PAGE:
Green Party urge overhaul of 'utterly failing' drug laws to cut prisoner numbers

Britain has highest incarceration rate in Western Europe - with around 84,000 people in prison

Caroline Lucas, co-leader of the Green Party, will lead calls for an overhaul of 'utterly failing' drugs laws
Caroline Lucas, co-leader of the Green Party, will lead calls for an overhaul of 'utterly failing' drugs laws

Britain's "utterly failing" drug laws must be overhauled to help curb the number of inmates in overcrowded prisons, the Green Party will say, as party activists battled through harsh weather conditions to attend its spring conference in Bournemouth.

Caroline Lucas, the party's co-leader, is leading calls for a review of the ban on illegal drug use in an effort to reduce the numbers of prisoners thrown into jail for minor thefts to fund their drug habits.

Drug-related offences account for about 15 per cent of prisoners, official figures show, while many offenders can be drawn into using more serious substances while behind bars.

Britain has the highest incarceration rate in Western Europe - with around 84,000 people in prison - while overcrowding heaps pressure on jails grappling with a toxic cocktail of drugs, violence and self-harm among inmates.

Official figures from the Ministry of Justice recently revealed that 28,165 assaults were recorded in the year up to September 2017, which is the highest level since record began in 1978.

Ahead of the conference, Ms Lucas told The Independent: “All the evidence shows that the current drug law regime is utterly failing.

"For many years now we have treated a public health crisis by criminalizing users, whilst allowing the criminal underworld to make vast amounts of money from the supply of drugs - it’s time for that to change.

"An impact assessment of the Misuse of Drugs Act would allow future drugs policy to prioritise reducing drug related harms, including the immediate and long term effects of locking up people who need treatment.

"It would also lay the groundwork for moving away from the free for all that is prohibition and towards the safety of regulation instead."

The Brighton and Hove MP also called for non-violent offenders to have greater opportunities for rehabilitation in the community, as 71 per cent of inmates are behind bars for non-violent crime.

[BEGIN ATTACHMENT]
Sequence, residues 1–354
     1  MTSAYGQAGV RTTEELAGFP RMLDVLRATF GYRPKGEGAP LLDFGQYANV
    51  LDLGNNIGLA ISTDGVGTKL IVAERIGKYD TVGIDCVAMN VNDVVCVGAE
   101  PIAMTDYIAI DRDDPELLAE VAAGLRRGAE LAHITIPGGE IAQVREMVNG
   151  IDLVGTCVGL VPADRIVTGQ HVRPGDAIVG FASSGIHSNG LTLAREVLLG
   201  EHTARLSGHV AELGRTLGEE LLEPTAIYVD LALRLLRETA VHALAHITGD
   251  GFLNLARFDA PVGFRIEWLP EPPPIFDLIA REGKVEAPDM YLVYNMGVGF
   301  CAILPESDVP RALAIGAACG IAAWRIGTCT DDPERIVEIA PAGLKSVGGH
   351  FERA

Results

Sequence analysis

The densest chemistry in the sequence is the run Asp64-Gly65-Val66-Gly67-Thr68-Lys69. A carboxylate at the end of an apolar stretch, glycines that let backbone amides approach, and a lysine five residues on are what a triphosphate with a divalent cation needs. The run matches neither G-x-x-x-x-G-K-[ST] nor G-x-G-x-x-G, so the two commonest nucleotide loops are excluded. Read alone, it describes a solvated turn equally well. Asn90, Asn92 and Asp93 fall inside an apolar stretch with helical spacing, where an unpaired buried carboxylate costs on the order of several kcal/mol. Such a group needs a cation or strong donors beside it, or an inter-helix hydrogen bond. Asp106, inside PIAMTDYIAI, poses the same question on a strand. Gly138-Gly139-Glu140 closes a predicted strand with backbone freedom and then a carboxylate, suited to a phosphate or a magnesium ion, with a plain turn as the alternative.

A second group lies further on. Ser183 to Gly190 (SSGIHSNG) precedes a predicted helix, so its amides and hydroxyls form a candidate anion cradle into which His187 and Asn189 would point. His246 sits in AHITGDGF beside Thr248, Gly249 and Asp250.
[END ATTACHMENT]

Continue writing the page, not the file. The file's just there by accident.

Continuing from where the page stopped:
As Storm Emma and a freezing Siberian weather system combined to wreck havoc on Britain's roads, some early conference events were cancelled and others postponed. Ms Lucas thanked party staff caught up in travel difficulties for "persevering".

If all goes ahead as planned, co-leader Jonathan Bartley was due to give a speech on Saturday where he will say: “The Green Party is prepared to say what most people know is common sense – that we should change our drug laws so they are based on the evidence not on moralising, and radically reduce the prison population in the process.

"We should be very clear about this - our aim as a society should be to have fewer people locked up, not more.”

Campaigners welcomed the move but said drug reform was only one of a number of vital measures needed to reduce the number of people behind bars.

Andrew Neilson, director of campaigns at the Howard League for Penal Reform, told The Independent: "The broad understanding is that criminalising drugs isn't working.

"We are in the practice of sending people to prisons, which are often full of drugs, and people can enter prison without any drug issues or as users of less harmful drugs and become addicted in prison.

"How dramatically it would reduce prison numbers remains to be seen...but broadly, we would welcome the commitment to reduce prison numbers and this is the sort of policy we have to look at to help bring numbers down."

Martin Powell, Head of Campaigns and Communications at drugs charity Transform, said: "Criminalisation creates crime, criminals and a vast illegal market, whereas legalising and regulating drugs would take the market out of criminal hands, and put it under the control of doctors, pharmacists and licensed outlets.

"The Misuse of Drugs Act has caused vast harms for nearly fifty years. It is high time to put in place drug policy that improves health and safety, especially for some of the UK's most vulnerable people."

The recently-appointed Justice Secretary David Gauke has vowed to get a grip on the challenges facing jails, and is expected to deliver a major speech on the future of prisons.

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